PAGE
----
In sharp contrast ‘T’ is the brooding, malevolent personification of a post World War II generation that has never witnessed peace and calm, wanting nothing but to inflict more of the devastation that he is used to. ‘T’ has a revolutionary idealism that gradually gains momentum as the plot unfolds with striking similarities to the great revolutionaries of the time. Both protagonists have completely different settings into which they are able to influence the plot. The calm and tranquil backdrop in ‘The Country of the Blind (TCotB, 1904)’ is in direct contrast to the apocalyptic post blitz scene in ‘The Destructors (TD, 1954)’. These differences force ‘T’ and Nunez to impact on plot development and structure in very different ways.
The Importance of Color F. Scott Fitzgerald’s book, the great Gatsby, takes place in the fictional peninsulas of East Egg and West Egg just after World War I during the prohibition era. The book is about the dreams of one man who is stuck in the past, embodying the American dream and his eventual destruction because of the corruption of the American dream. From both the side of this story, there is an underlying theme of power gained from wealth and artificial social status. All throughout the book, the Great Gatsby, there are many types of color symbolism, mainly referring to the colors gold and white for money and emptiness respectively; the more prominent of these symbols are the character Daisy, the clothing and major items, and the “Valley of Ashes.” Fitzgerald puts a lot of emphasis on a major character, Daisy, in his novel, The Great Gatsby. It begins with her name, Daisy, and use of the colors of a daisy with its golden center surrounded by white petals.
At the time Brave new world was authored there were substantial issues worldwide. The economic depression in capitalist societies, fascism emerging in Europe and the high rate of unemployment meant people longed for the kind of security that Huxley provided the citizens of his fictional world. This affected Huxley, his writing and ultimately his vision of the future which inevitably seeped into Brave new world. He exaggerates all the present worrying trends of his time so that they produce awful consequences. The movement towards socialism in the 1920’s for example becomes the totalitarian state, the growth in materialism transforms into a form of religion- where humans are mass produced and henry ford is god- and depicts the end of the traditional and familiar life which becomes a strange and sterile modern state.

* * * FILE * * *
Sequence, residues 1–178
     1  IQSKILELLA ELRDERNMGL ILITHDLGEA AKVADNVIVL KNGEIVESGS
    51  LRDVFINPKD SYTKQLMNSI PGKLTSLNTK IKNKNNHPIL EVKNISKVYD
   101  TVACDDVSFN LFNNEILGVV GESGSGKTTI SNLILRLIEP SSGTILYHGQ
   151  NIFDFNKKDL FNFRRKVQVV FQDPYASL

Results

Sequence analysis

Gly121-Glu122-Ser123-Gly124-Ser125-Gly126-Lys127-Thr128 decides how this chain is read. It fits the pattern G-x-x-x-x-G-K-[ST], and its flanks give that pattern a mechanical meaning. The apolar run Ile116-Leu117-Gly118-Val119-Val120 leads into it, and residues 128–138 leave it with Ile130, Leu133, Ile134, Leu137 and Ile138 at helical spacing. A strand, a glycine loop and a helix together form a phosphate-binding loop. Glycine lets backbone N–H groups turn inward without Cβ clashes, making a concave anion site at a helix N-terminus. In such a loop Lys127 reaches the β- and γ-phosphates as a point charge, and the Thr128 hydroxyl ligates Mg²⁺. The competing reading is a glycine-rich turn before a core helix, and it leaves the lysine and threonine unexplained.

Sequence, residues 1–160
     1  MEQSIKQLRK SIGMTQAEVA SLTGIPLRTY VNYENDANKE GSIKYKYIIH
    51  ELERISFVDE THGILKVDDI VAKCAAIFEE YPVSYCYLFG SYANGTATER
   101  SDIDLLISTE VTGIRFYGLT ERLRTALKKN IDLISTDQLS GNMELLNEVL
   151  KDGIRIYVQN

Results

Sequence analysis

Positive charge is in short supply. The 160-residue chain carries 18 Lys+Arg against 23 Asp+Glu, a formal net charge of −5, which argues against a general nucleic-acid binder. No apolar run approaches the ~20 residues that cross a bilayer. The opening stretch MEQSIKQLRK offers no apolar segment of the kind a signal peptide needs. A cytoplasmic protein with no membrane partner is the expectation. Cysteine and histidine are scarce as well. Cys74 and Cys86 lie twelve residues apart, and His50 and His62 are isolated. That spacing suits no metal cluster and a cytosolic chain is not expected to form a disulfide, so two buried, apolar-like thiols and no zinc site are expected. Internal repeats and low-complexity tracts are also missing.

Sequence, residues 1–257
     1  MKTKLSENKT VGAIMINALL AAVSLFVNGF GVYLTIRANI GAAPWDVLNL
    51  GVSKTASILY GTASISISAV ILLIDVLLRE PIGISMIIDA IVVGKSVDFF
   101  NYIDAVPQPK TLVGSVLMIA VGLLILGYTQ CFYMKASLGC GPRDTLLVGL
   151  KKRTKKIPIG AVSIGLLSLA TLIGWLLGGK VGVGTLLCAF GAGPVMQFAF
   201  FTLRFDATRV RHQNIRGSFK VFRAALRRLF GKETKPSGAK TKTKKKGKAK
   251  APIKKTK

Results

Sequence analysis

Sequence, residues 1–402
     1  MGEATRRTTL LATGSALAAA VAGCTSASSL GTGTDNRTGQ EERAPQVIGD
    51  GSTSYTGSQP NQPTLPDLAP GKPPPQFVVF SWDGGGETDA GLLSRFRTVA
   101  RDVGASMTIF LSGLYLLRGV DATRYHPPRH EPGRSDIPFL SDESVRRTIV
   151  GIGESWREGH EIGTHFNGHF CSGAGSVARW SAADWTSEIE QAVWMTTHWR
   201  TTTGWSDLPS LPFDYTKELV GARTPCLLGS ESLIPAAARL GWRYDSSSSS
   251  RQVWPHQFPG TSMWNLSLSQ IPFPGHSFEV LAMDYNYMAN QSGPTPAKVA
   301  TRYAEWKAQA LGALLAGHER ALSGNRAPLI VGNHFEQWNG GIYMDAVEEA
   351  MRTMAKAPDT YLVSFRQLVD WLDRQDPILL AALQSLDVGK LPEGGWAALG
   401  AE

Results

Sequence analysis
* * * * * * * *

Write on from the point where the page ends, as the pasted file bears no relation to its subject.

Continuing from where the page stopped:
The Upper Class Has No Class By Olivia Faulkner Taking a dive into The Great Gatsby, you sink headfirst into a massive abyss of a criticism of the American upper-class. To do this, F. Scott Fitzgerald takes his life and merely copy and pastes it into that of Nick Carraway’s, giving a sense of authenticity to the story. It is in this copy-and-paste-material that we can find true meaning behind The Great Gatsby, and why it’s exposure of the upper-class was so effective. He takes qualities from people in his own life, transfers them to a character, and creates someone “new” that pushes his view of society, showing through characterization the ways of a seemingly-superior upper-class. In The Great Gatsby, we see an abundance of shallow characters.
The Great Gatsby, F. Scott Fitzgerald's classic twentieth-century story of Jay Gatsby's quest for Daisy Buchanan, examines and critiques Gatsby's particular vision of the 1920's American Dream. Written in 1925, the novel serves as a bridge between World War I and the Great Depression of the early 1930's. Although Fitzgerald was an avid participant in the stereotypical "Roaring Twenties" lifestyle of wild partying and bootleg liquor, he was also an astute critic of his time period. The Great Gatsby certainly serves more to detail society's failure to fulfill its potential than it does to glamorize Fitzgerald's "Jazz Age." Fitzgerald's social insight in The Great Gatsby focuses on a select group: priviliged young people between the ages of 20 and 30.